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6 Ways to Support Transgender Inclusion in the Workplace

13 September 2021

UK’s Best Workplaces™ share their best practices for building a more trans-inclusive workplace.


When it comes to LGBTQ+ employees (as with any other marginalised group in the workplace), true inclusion is about more than just hiring a diverse workforce.

It’s about the organisation treating ALL people equitably, and fostering a culture that allows every individual to feel safe to bring their whole selves to work.

To be a truly trans positive organisation, support for trans employees needs to be deliberate, holistic and active over the long-term. But before we dive into best practices, we need to first understand what it means for an employee to identify as ‘transgender’.


Identifying as Transgender at Work

‘Trans’ or ‘transgender’ are umbrella terms that can be used for anyone who identifies with a gender which does not match their assigned sex at birth.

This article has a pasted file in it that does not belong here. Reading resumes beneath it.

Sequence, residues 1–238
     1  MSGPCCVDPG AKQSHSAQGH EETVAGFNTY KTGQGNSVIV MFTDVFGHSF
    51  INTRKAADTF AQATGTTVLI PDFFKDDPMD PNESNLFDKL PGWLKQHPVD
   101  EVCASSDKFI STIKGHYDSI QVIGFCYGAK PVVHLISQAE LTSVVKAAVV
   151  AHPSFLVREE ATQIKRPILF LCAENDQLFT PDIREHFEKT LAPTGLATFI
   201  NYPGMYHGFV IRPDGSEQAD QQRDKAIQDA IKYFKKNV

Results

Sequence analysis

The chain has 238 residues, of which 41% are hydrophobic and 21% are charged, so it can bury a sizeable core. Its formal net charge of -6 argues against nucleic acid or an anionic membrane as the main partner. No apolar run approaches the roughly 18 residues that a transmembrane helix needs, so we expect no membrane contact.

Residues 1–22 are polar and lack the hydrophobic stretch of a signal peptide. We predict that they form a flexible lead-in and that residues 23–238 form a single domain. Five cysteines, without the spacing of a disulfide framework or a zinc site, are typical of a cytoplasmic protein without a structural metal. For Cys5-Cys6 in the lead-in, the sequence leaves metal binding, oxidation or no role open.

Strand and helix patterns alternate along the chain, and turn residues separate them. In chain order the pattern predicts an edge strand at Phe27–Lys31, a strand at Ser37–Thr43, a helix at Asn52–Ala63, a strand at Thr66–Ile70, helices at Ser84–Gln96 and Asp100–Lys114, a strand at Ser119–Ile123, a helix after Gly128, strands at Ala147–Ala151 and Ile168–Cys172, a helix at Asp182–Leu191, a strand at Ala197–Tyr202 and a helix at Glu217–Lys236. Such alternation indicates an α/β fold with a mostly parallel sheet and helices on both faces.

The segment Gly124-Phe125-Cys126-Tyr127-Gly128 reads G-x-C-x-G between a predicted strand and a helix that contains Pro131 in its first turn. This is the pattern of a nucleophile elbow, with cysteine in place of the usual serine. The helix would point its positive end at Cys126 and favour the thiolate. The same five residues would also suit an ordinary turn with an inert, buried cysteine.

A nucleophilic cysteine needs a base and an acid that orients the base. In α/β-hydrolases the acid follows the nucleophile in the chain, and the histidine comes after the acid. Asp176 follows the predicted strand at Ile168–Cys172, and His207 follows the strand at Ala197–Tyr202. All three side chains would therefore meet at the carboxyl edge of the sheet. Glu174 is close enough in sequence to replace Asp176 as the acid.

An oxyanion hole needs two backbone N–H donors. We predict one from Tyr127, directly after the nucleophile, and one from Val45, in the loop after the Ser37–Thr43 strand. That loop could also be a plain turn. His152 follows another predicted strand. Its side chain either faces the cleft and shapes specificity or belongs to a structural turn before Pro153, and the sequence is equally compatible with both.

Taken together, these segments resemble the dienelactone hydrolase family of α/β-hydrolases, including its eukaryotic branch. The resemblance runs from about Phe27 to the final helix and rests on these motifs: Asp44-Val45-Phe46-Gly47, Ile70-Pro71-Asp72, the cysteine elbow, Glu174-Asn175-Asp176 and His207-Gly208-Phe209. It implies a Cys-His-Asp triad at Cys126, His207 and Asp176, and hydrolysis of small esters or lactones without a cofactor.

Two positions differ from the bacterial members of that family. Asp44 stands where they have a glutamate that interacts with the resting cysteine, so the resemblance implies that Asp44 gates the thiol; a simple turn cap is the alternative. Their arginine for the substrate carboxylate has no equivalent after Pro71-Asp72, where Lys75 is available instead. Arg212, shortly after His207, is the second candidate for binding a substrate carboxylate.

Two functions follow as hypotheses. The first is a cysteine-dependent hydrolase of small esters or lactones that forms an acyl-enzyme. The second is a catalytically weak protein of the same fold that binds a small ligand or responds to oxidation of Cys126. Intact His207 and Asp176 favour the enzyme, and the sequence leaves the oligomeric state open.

Being trans is based on one’s internal sense of self ; how one feels and expresses one’s identity. This can be male, female, a mixture of both (such as bigender), no gender at all (agender), or exist completely outside of these (such as pangender or polygender).

Transgender vs Cisgender

When someone feels their assigned sex at birth does match the gender they identify with, one is considered ‘cisgender’. Trans employees therefore will never identify as ‘cis’ or cisgender.


What Trans-inclusivity Looks Like in Practice

Here are some of the ways in which the 2021 UK’s Best Workplaces™ are cultivating a trans-inclusive workplace culture:


1. Pronouns

Personal pronouns (she/he/they) are our subjective identifiers which allow all of us – whether trans or cisgender – to choose how we would like others to address us in and outside of work.

Arguably one of the easiest ways to show your support of LGBTQ+ employees is to encourage the use of personal pronouns in email signatures and/or profiles on company channels like Microsoft Teams, Zoom and even LinkedIn.